Bank Street College of Education Best Spanish Language Picture Books of the Year

The Bank Street College of Education’s Best Spanish Language Picture Book of the Year award was presented for the very first time in 2020, and was drawn from their booklist of best Spanish language picture books of the year. I will include the award-winner; I’d suggest checking out the longer list as well (it is a pdf). While the prize can include either books originally written or translated into Spanish, it does appear that this list is largely, if not entirely, comprised of translations.

Bank Street College of Education has several other booklists and book awards; while most are not diversity-focused, they are a great source of excellent children’s books.

Best Spanish-Language Picture Book of the Year

Mildred L. Batchelder Awards, 2020

The Mildred L. Batchelder Award has been presented yearly since 1968 to outstanding children’s books in English translation. All winners since 1968 can be found at this link. This award emphasizes publishing houses, letting readers know who is supporting literature in translation and, by extension, a wider understanding of our world.


Brown, written by Håkon Øvreås, illustrated by Øyvind Torseter, and translated from the Norwegian by Kari Dickson. Published by Enchanted Lion Books.

Honor Books

  • When Spring Comes to the DMZ written & illustrated by Uk-Bae Lee and translated from the Korean by Chungyon Won & Aileen Won. Published by Plough Publishing House.
  • The Distance Between Me and the Cherry Tree written by Paola Peretti, illustrated by Carolina Rabei, and translated from the Italian by Denise Muir. Published by Atheneum Books for Young Readers, an imprint of Simon & Schuster Children’s Publishing Division.
  • Do Fish Sleep? written by Jens Raschke, illustrated by Jens Rassmus, and translated from the German by Belinda Cooper. Published by Enchanted Lion Books.
  • The Beast Player by Nahoko Uehashi, translated from the Japanese by Cathy Hirano. Published by Godwin Books/Henry Holt, an imprint of Macmillan Children’s Publishing Group. Contains books 1-2 of the Beast Player series.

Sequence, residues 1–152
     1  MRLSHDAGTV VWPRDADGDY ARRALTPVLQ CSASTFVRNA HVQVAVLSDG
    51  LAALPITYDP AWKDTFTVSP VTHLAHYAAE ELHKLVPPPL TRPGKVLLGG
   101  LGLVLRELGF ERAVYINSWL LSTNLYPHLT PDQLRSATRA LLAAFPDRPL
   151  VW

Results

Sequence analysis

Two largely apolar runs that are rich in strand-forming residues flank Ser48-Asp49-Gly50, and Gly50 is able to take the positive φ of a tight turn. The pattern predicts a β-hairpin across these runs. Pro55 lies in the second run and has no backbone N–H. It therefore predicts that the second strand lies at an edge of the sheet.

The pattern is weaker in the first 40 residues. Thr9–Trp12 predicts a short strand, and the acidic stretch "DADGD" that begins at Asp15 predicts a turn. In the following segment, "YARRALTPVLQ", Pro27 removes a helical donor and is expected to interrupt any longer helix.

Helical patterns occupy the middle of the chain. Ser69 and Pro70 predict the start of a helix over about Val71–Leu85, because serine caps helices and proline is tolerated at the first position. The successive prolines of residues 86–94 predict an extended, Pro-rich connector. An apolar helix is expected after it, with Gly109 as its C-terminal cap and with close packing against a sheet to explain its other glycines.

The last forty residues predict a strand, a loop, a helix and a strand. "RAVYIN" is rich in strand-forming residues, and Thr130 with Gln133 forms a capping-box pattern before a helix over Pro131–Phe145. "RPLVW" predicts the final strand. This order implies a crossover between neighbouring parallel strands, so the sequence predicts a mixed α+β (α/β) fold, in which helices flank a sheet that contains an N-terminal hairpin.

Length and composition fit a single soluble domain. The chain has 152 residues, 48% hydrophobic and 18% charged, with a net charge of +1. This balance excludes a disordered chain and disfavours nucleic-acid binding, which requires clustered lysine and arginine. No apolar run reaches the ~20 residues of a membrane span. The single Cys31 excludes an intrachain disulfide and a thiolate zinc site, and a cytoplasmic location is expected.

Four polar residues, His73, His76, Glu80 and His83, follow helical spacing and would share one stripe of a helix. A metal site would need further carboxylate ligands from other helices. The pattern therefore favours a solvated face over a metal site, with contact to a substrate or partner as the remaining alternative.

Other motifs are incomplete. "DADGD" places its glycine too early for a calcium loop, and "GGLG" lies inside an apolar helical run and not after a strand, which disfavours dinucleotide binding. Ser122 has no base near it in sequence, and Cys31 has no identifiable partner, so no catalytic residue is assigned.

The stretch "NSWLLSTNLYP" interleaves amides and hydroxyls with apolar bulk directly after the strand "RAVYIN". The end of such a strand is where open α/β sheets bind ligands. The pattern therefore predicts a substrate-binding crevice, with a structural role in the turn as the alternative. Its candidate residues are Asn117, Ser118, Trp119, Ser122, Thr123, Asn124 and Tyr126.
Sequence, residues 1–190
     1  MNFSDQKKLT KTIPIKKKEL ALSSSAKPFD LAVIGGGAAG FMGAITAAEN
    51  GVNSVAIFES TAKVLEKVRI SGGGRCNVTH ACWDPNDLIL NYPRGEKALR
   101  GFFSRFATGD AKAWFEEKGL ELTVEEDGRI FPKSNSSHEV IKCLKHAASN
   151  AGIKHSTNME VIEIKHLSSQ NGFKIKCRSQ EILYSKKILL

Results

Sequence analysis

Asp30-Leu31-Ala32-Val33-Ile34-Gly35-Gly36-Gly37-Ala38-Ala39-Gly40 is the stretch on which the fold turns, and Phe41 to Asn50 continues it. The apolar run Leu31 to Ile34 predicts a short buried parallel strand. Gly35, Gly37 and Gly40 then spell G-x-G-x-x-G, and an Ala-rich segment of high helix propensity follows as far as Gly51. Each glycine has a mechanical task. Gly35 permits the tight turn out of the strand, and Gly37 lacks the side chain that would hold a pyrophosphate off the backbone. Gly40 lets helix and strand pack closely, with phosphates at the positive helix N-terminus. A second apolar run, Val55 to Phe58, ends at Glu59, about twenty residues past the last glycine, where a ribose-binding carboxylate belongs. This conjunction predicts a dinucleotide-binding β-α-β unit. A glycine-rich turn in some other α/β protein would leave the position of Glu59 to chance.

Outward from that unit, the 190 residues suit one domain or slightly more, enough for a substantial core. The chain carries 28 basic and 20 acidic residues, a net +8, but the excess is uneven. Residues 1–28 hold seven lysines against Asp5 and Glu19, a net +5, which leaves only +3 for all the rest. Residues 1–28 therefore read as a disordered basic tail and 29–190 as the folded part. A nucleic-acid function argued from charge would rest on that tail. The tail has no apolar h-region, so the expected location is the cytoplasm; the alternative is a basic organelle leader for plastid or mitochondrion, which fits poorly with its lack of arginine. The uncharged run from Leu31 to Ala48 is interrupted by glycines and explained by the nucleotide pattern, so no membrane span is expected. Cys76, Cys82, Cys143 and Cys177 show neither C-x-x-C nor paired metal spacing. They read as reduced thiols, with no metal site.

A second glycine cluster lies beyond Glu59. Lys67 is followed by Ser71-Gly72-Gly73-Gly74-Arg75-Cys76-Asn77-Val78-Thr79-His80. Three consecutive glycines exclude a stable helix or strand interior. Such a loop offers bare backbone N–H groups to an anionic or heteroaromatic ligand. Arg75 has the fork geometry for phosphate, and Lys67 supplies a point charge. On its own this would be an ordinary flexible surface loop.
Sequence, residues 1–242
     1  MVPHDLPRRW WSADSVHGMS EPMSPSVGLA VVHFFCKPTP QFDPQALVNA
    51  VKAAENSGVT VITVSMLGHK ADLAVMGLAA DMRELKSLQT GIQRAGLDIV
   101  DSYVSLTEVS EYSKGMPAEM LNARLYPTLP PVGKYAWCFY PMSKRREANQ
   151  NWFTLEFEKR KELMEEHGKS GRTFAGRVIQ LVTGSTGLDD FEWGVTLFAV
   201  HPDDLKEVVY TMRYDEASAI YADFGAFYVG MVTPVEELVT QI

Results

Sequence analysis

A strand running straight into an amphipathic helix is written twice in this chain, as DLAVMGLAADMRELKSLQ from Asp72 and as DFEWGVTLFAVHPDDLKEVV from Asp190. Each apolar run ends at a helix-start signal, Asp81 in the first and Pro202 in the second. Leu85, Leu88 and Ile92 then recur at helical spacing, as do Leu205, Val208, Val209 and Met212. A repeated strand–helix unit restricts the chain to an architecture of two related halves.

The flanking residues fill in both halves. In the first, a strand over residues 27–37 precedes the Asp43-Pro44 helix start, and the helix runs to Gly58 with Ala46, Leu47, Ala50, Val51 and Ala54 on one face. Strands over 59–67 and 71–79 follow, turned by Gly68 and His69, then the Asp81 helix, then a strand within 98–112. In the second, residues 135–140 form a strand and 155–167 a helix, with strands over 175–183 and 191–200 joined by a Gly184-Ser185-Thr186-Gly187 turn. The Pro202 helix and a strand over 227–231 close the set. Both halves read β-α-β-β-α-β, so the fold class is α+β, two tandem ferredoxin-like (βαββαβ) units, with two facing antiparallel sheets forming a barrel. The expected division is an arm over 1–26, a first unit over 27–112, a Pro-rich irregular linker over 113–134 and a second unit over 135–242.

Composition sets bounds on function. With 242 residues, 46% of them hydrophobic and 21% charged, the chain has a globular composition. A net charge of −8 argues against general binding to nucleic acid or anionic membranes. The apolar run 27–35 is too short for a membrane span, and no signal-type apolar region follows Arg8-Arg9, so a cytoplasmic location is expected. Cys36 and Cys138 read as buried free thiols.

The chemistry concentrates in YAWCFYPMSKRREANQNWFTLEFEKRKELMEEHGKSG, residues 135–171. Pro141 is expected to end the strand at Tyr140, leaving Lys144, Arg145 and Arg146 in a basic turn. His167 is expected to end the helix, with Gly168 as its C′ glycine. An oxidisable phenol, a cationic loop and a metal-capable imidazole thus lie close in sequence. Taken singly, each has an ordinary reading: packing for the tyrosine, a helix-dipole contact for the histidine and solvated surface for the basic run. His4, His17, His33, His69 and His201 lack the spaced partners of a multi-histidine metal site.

Black Caucus of the American Library Association (BCALA) Book Award, 2020

The BCALA Book Awards celebrate excellence in literary works for adults by African-American authors. 2020 winners were announced in late January 2020. I still haven’t figured out how long these awards have been given; I will continue to search for more information. In the meantime, selected prior winners and honor books can be located through these press releases.

First Novelist Award

Ta-Nehisi Coates for The Water Dancer

Fiction Award

Nonfiction Award

Poetry Award

Outstanding Contribution to Publishing Citation Award

Hollywood Black: The Stars, the Films, the Filmmakers by Donald Bogle

Américas Award (CLASP), 2020

The Américas Award has been presented yearly since 1993; the next award will be presented in 2021. It celebrates “quality children’s and young adult books that portray Latin America, the Caribbean, or Latinos in the United States.” All past winners are listed at Award Winners, and you can peruse this annotated bibliography of 2020 winners (it’s a pdf). Resources for teachers (also useful for librarians and parents!) are available. You can also follow the Américas Award on Facebook.


Honorable Mention

Amelia Bloomer List: see Rise: A Feminist Book Project for Ages 0-18, 2020

The Amelia Bloomer List is now Rise! It’s listed below, under Rise, and is just as marvelous as it ever was. Check it out!

Asian/Pacific American Award for Literature, 2019-2020

The Asian/Pacific American Award for Literature, aka the APALA Awards, have been presented yearly (in January) since 2003. They recognize excellence in literature about Asian/Pacific Americans. The APALA Awards celebrate works for both adults and youths. This year’s awards—the 2019-2020 APALA Awards—were presented January 27, 2020.

Adult Fiction

Adult Nonfiction

Young Adult Literature

Children’s Literature

Picture Books

CSMCL Best Books of the Year, 2019

The Center for the Study of Multicultural Children’s Literature has, since 2013 (or maybe earlier—that’s the earliest I found on their website), compiled a list of the very best in multicultural children’s literature, from picture books through books for teens. I’ve included it here since 2018. The list is presented the following year; hence, there is as yet no 2020 list, while the 2019 is available, and listed here. Submission guidelines are posted, and the list can also be downloaded as a pdf (check the bottom left corner of the 2019 page). The original list includes considerably more information, including age ranges for materials included, so I strongly suggest heading on over. The CSMCL is an amazing resource, and I totally suggest following it—through its website, its Facebook page, its Twitter feed, and its Pinterest. You won’t regret it.